MANILA - Government's easing of physical distancing in public transportation amid the lingering COVID-19 pandemic is "problematic," an infectious disease expert said Sunday.
The Department of Transportation earlier said it would push through on Monday the easing of physical distancing in public vehicles to 0.75 meter from 1 meter, following the approval of the Inter Agency Task Force (IATF) on COVID-19.
The use of face masks and face shields will mitigate virus transmission but "close contact definition remains," said Dr. Edsel Salvaña, an infectious disease doctor at the Philippine General Hospital.
"The proposal to decrease the distance in public transport to less than one meter is problematic. If there is a SINGLE COVID-19 positive person in the transport, anyone less than one meter from him/her after 15 minutes becomes a close contact who will need to quarantine and can potentially spread disease," he said.
"To quote the title of one paper: 'Case isolation, contact tracing, and physical distancing are pillars of COVID-19 pandemic control, not optional choices'."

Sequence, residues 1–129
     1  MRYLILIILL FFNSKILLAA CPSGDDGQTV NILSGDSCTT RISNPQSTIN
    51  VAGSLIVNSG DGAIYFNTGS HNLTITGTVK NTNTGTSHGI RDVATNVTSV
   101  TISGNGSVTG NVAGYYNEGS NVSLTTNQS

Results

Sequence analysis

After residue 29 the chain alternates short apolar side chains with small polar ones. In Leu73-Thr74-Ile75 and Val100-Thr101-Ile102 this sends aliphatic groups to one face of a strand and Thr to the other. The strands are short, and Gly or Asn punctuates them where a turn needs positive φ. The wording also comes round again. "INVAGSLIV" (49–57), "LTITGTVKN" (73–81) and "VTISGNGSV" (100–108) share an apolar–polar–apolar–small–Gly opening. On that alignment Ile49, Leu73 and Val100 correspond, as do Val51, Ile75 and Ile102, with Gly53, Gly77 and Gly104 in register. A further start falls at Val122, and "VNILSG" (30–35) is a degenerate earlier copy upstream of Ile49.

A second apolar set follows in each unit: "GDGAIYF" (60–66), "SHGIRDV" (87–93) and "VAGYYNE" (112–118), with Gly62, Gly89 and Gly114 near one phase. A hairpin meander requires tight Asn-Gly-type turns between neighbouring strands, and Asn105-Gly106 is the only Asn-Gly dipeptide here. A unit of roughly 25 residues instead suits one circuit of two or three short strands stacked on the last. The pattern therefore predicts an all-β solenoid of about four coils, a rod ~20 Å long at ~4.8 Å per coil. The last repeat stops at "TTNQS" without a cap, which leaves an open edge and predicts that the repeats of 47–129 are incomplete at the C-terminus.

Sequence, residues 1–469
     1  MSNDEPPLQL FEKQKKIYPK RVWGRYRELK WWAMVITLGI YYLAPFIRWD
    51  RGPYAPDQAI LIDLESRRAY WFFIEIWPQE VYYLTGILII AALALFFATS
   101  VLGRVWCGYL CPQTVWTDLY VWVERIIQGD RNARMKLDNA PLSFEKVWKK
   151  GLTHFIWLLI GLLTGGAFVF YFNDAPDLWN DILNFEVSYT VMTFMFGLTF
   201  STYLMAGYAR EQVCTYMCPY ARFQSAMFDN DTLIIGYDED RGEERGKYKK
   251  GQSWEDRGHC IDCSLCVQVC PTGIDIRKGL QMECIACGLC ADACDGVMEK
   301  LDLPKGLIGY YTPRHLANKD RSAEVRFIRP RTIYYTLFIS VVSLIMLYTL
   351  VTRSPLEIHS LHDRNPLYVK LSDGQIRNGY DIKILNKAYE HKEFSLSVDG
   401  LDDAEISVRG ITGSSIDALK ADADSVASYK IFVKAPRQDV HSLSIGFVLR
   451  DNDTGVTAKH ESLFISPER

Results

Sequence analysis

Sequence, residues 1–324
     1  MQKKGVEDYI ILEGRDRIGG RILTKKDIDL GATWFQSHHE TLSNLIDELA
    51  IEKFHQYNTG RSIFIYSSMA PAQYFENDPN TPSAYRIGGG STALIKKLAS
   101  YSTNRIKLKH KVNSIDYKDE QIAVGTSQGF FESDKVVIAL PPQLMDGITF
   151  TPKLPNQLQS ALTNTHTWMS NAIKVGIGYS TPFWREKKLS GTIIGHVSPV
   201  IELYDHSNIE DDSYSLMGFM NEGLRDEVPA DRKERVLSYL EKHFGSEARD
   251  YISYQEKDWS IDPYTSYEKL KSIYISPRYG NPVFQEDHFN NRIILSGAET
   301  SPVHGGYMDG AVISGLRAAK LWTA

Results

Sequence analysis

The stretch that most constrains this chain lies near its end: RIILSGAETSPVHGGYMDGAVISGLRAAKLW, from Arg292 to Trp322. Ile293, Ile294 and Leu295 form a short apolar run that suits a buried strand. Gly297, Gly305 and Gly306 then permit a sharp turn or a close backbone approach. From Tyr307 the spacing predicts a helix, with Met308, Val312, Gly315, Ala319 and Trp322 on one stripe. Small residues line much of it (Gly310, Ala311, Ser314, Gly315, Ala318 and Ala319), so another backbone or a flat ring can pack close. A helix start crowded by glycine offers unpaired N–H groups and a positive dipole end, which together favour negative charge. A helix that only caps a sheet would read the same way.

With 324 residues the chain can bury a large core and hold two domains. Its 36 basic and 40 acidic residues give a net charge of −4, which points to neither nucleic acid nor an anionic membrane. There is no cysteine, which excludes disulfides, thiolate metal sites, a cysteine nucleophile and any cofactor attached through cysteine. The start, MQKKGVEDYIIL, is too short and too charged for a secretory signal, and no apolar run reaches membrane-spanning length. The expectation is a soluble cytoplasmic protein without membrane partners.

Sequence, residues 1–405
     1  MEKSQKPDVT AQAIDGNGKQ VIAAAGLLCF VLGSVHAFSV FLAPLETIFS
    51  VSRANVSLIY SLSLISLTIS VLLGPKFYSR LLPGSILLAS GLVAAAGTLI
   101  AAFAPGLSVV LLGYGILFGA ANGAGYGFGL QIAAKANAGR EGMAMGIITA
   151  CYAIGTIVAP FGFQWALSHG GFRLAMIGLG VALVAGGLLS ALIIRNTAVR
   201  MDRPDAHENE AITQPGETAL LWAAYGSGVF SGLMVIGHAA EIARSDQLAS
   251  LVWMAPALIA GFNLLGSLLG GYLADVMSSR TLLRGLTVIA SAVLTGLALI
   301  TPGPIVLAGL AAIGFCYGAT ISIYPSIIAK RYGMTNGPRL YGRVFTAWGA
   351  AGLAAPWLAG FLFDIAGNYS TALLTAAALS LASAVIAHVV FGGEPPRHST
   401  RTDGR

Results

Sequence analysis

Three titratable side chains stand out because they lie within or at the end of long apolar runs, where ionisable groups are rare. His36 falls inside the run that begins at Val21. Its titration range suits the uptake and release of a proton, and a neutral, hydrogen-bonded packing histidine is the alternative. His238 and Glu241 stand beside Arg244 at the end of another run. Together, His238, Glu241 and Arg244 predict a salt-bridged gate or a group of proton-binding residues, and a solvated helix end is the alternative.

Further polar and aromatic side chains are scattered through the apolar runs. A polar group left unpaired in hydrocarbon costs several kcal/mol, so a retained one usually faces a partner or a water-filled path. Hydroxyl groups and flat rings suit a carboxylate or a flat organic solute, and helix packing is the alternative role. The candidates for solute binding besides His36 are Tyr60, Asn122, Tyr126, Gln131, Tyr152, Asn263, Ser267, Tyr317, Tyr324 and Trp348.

Transportation Undersecretary Artemio Tuazon Jr. said the agency moved to reduce physical distancing in transport to accommodate more passengers, especially in modern jeepneys and buses.
"Nakita namin na pwede namang liitan ang pagitan ng mga pasahero basta nandoon pa rin ang health protocols katulad ng face mask, face shield, handwashing, at thermal screening bago sumakay," he said in a virtual press briefing.
(We saw that we can reduce the distance between passengers as long as there are still health protocols like wearing of face mask, face shield, handwashing, and thermal screening before boarding.)
Most forms of public transport were allowed to operate under general community quarantine (GCQ) but under reduced capacity and strict health protocols.
Metro Manila is under GCQ until Sept. 30.
Salvaña, meanwhile, said wearing a mask, which decreases the amount of inhaled virus, "is one path to increasing population immunity while awaiting a vaccine."
He also said that "asymptomatic transmission is much less likely than symptomatic transmission," and asserted that "the best defense against SYMPTOMATIC spread is quick isolation."
"The best defense against ASYMPTOMATIC spread is constant mask use, physical distancing, and eye protection which can significantly interrupt transmission from undetected asymptomatic cases," the physician said.
In cases where someone at home tests positive for COVID-19, "the most important interventions are ENTIRE HOUSEHOLD QUARANTINE and CONTACT TRACING," he said.
Salvaña also sought to refute claims that SARS-CoV-2, which causes COVID-19, was developed from a laboratory, saying "there is compelling genomic data that the virus arose naturally."
The Philippines has logged 257,863 confirmed coronavirus infections, as of Saturday, of which, 66,455 are active cases. The country's first case was confirmed on Jan. 30 in a Chinese woman who arrived from Wuhan City, China where the disease is believed to have first emerged.